Amateur riders may earn trophies and gift certificates, some of which are redeemable for cash, but amateur riders are generally ineligible for cash awards. To be eligible for cash prizes a rider generally must compete at the professional level.

It is virtually impossible for an amateur rider to make a profit at motocross?indeed, petitioners admit that even if their riders had won every race they entered in 2005 and 2006, petitioners still would have lost money on the activity. A professional rider, however, can earn a profit through a combination of cash prizes and corporate sponsorships. All of the riders on petitioners’ team were amateurs in 2005 and 2006, and no rider was close to achieving professional status.

Petitioners observed few business formalities in the motocross racing activity. Petitioners did not prepare a written business plan, did not create a separate entity for the activity, did not investigate whether they needed a business license, and did not open a separate checking account (petitioners paid motocross racing expenses from their personal accounts). Petitioners maintained some records of their motocross-related activities and expenses, but the records are incomplete. For example, petitioners deducted $715 for race entry fees in 2006, but Mr. Paquin testified that the actual entry fees were much greater than $715. Petitioners also failed to keep track of how much money they spent on gas to drive to and from motocross races in 2006.

As of the date of trial petitioners continued to sponsor MP’s motocross racing activities but were no longer sponsoring any other riders. Petitioners stopped sponsoring Mr. Merrell and Mr. Wade in 2008 because the riders apparently lost interest in motocross racing. None of petitioners’ riders, including MP, had achieved professional status as of the date of trial.

On July 24, 2008, respondent issued a notice of deficiency that treated petitioners’ income from the motocross racing activity in 2005 and 2006 as other income, disallowed the net operating losses claimed with respect to the motocross racing activity, and imposed an accuracy-related penalty under section 6662(a).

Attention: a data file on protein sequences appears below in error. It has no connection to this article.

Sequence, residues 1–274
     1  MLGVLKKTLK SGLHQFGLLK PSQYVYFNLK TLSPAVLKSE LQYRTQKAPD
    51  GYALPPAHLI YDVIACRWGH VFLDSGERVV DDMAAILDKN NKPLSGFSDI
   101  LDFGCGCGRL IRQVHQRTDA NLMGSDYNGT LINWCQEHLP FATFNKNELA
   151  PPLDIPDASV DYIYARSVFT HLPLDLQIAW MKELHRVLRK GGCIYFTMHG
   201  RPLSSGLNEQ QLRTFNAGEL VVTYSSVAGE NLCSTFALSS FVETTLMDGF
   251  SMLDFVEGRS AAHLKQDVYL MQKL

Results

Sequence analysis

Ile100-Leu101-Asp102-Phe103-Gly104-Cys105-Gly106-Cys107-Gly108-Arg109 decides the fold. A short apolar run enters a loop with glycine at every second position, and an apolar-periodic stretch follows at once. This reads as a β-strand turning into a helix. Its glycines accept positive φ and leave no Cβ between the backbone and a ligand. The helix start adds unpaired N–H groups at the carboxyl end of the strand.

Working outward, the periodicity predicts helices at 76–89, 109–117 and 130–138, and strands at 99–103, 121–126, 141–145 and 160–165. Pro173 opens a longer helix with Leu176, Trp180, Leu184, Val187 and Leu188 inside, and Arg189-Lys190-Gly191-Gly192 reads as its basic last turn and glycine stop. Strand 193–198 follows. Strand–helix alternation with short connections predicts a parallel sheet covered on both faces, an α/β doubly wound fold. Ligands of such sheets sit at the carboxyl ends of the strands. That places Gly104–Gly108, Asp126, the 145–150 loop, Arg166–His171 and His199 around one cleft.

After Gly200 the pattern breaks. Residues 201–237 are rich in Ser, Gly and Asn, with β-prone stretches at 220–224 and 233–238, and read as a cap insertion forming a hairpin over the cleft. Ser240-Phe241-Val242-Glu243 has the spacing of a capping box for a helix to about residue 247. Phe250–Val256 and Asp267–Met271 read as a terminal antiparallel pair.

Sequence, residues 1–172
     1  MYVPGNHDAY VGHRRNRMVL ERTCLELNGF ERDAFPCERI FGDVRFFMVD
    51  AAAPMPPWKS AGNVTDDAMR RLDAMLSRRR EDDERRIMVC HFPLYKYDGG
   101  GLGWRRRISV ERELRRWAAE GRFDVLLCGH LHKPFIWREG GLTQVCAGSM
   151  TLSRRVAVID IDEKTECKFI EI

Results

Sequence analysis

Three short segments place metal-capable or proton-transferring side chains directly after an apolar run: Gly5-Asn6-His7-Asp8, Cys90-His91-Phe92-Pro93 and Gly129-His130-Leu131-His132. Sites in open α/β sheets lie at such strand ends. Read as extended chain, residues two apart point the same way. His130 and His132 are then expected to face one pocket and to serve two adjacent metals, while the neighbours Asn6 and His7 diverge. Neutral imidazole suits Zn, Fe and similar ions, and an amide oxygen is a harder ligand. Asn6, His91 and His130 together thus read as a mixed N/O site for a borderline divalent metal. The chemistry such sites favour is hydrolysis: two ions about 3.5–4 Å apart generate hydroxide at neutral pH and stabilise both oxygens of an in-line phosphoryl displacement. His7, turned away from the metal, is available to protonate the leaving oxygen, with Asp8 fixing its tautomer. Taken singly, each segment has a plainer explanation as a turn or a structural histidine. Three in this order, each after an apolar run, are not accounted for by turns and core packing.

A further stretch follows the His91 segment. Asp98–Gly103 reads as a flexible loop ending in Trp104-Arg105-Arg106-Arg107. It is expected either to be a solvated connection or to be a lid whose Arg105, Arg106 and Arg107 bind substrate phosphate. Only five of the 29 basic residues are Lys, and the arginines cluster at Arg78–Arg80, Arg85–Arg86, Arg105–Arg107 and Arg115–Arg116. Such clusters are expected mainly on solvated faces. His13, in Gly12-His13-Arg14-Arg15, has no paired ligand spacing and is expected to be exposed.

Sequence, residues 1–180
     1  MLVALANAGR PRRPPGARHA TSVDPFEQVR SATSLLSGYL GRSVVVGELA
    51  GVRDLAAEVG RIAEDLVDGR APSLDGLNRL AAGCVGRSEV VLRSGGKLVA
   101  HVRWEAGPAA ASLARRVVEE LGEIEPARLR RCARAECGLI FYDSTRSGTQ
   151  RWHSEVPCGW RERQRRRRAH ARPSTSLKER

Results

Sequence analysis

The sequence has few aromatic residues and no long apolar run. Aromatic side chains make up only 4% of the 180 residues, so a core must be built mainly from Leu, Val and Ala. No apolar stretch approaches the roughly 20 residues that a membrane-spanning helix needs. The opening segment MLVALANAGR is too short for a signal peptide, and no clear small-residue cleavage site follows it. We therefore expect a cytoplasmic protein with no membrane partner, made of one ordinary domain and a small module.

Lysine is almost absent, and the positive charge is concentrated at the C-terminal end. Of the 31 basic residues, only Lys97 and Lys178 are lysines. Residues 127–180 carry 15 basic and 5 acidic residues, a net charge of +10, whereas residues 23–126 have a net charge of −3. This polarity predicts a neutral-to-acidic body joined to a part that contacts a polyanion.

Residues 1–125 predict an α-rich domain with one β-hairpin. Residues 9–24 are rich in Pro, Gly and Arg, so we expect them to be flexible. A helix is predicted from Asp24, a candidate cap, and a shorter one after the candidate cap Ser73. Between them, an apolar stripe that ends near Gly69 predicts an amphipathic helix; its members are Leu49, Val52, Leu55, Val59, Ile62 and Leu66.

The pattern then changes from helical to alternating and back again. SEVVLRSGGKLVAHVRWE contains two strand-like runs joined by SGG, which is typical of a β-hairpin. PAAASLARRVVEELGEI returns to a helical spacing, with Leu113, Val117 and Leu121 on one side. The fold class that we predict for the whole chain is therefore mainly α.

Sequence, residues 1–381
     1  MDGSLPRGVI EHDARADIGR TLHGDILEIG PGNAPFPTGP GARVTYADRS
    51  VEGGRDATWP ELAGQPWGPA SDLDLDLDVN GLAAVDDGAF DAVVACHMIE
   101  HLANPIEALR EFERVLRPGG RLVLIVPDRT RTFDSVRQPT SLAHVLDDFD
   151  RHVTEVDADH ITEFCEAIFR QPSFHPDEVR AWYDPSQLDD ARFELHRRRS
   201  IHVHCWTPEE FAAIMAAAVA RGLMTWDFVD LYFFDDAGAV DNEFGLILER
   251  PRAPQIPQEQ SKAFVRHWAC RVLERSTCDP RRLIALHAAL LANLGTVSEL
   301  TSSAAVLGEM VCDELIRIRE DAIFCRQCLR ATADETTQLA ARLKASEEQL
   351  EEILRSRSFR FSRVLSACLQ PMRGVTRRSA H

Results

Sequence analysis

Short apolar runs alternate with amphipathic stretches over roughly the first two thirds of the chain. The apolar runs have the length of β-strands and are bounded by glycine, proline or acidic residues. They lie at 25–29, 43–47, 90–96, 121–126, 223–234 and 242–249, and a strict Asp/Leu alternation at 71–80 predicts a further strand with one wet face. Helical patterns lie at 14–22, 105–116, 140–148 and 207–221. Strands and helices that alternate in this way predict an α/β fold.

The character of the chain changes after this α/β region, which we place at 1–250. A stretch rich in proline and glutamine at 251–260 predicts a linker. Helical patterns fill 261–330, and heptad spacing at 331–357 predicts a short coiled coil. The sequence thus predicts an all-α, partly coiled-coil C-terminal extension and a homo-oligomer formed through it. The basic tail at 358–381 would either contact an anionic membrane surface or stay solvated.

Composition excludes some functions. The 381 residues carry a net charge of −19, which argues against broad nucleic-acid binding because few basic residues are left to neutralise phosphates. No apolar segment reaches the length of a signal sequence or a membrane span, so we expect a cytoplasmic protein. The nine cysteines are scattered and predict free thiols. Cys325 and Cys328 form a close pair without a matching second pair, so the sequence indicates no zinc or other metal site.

Petitioners reported net losses from the motocross racing activity of $33,052 and $24,934 in 2005 and 2006, respectively, and have never earned a profit from the activity. Petitioners suggest, however, that the activity was still in its startup phase during the years at issue and imply that the limited history of losses should not count against them.

Petitioners presented no evidence regarding the customary startup period in the motocross racing industry. Moreover, petitioners continued to sponsor Mr. Merrell and Mr. Wade until 2008 (when Mr. Merrell and Mr. Wade stopped racing for personal reasons) and continued to sponsor MP as of the trial date. Petitioners’ continued investment in the motocross racing activity despite substantial losses suggests the activity was not carried on for profit.
 
COURT CONCLUSION

On the basis of the foregoing, the court concludes that petitioners’ motocross racing activity was an activity not engaged in for profit in 2005 and 2006…and that petitioners were not entitled to deduct expenses associated with the activity. We further conclude that petitioners are liable for…accuracy-related penalties. We have considered the parties’ remaining arguments and, to the extent not discussed above, conclude those arguments are irrelevant, moot, or without merit.

www.legeal.com